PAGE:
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1answer
1k views

Killing vector fields

I am facing some problems in understanding what is the importance of a Killing vector field? I will be grateful if anybody provides an answer, or, refer me to some review or books.
2
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1answer
207 views

Cosmology with a negative cosmological constant

Based on the Friedmann equation for a universe with only cosmological constant, $$\left(\frac{\dot{a}}{a}\right)^2 \sim \Lambda$$ I would expect the scale factor $a(t) \sim e^{-it}$ if $\Lambda < ...
2
votes
2answers
154 views

Diffusion of probability amplitudes

Let's say I have a probability amplitude $\psi:\Sigma\rightarrow\mathbb{C}$ for some domain $\Sigma$ (so, $\psi$ satisfies $\int_\Sigma |\psi|^2=1$). Is there a way to use $\psi$ as initial ...
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2answers
127 views

Similarity of probability amplitude functions

Let's say I have two probability amplitude functions given by $\psi_1$ and $\psi_2$. That is, $\psi_i:\Sigma\rightarrow\mathbb{C}$ for some domain $\Sigma$ with $\int_\Sigma|\psi_i|^2=1$ for ...
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2answers
686 views

Metric tensor and its inverse

Is it always allowed to represent the metric tensor $g_{\mu \nu}$ in General Relativity as a $4\times 4$ matrix? If the last one is represented for example with a $4\times 4$ matrix ...
4
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3answers
2k views

What is a Killing vector field?

I recently read a post in physics.stackexchange that used the term "Killing vector". What is a Killing vector/Killing vector field?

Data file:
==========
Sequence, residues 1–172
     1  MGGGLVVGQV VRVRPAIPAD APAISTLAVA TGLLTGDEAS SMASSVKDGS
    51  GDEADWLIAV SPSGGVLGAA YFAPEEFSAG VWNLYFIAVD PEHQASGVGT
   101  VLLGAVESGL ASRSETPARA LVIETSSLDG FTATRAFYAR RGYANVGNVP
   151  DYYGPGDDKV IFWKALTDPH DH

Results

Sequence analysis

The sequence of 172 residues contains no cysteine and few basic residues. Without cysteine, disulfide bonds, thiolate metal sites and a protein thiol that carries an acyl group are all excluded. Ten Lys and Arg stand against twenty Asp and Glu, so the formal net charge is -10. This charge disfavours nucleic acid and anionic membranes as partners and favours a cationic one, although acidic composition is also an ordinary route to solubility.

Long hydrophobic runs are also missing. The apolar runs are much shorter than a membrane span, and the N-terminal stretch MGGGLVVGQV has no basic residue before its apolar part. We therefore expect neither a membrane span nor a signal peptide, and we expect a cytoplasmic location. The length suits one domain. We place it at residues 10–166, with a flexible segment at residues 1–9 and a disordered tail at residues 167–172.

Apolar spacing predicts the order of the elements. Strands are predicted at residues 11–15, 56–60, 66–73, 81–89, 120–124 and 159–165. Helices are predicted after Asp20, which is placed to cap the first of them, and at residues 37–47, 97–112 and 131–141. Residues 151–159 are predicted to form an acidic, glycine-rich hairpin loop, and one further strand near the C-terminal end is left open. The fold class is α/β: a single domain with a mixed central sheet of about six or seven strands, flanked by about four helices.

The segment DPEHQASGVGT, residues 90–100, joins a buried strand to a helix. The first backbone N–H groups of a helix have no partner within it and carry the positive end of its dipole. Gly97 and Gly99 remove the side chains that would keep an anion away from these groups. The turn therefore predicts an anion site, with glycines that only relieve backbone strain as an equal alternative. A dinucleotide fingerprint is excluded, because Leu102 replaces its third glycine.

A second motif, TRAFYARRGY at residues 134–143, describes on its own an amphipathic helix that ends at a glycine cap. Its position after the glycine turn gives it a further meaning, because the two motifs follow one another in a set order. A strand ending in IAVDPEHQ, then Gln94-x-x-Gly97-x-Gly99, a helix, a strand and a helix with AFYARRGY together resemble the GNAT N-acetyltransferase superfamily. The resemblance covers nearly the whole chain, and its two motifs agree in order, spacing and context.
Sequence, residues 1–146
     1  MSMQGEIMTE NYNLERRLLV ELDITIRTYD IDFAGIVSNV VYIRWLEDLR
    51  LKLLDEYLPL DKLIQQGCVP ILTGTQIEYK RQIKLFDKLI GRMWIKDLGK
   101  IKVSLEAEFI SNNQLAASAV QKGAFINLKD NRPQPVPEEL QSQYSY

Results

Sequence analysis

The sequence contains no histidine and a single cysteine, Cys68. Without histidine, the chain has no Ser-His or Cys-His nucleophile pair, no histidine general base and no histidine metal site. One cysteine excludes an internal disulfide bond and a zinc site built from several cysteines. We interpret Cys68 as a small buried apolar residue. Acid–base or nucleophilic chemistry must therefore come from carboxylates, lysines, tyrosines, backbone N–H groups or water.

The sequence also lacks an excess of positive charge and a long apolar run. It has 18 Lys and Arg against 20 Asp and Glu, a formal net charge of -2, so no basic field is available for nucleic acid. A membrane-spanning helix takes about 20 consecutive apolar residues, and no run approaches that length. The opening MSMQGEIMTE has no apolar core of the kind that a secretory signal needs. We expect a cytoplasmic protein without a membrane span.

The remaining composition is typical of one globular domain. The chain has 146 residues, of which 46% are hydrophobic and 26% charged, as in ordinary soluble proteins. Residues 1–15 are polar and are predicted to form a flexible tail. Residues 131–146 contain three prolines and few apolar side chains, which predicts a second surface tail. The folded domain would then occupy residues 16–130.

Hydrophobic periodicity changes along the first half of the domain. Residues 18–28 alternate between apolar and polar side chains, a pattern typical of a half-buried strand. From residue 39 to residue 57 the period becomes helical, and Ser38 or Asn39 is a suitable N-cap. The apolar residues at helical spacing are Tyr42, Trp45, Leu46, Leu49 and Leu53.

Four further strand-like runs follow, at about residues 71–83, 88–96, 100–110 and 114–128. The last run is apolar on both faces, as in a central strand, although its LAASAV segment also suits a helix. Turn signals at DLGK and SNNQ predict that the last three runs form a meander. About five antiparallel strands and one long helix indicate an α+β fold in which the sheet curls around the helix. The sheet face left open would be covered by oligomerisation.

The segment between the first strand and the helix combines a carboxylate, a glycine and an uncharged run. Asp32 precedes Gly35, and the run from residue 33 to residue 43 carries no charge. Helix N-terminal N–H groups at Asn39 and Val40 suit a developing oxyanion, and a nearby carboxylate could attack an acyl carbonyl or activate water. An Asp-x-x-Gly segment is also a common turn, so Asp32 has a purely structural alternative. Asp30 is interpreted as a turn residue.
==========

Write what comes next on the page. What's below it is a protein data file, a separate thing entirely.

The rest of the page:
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2answers
268 views

Mathematical probabilistic interepretation of probability amplitude

As a warning, I come from an "applied math" background with next to no knowledge of physics. That said, here's my question: I'm looking at the possibility of using probability amplitude functions to ...
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1answer
120 views

What is the curvature scalar $\Psi_{4}$?

What is the curvature scalar $\Psi_{4}$? Is it related to the scalar curvature $R$? What does its real and imaginary parts represent?
2
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1answer
251 views

Killing vectors for SO(3) (rotational) symmetry

I am reading a paper$^1$ by Manton and Gibbons on the dynamics of BPS monopoles. In this, they write the Atiyah-Hitchin metric for a two-monopole system. The first part is for the one monopole moduli ...
9
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3answers
1k views

What does the dual of a tensor mean (e.g. dual stress tensor in relativistic ED)?

I know what the dual of a vector means (as a map to its field), and I am also aware of of the definition a dual of a tensor as, $$F^{*ij} = \frac{1}{2} \epsilon^{ijkl} F_{kl}\tag{1}$$ I just don't ...
3
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4answers
341 views

Complete set of observables in classical mechanics

I'm reading "Symplectic geometry and geometric quantization" by Matthias Blau and he introduces a complete set of observables for the classical case: The functions $q^k$ and $p_l$ form a complete ...
3
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2answers
406 views

Is there an analogue of configuration space in quantum mechanics?

In classical mechanics coordinates are something a bit secondary. Having a configuration space $Q$ (manifold), coordinates enter as a mapping to $\mathbb R^n$, $q_i : Q \to \mathbb R$. The primary ...
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1answer
138 views

what is wrong with the following argument about stokes law in compact universes?

I want to understand what is wrong with the following argument: in a topologically compact spacetime, a closed 3D boundary separates the spacetime in two connected components, because of this ...
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3answers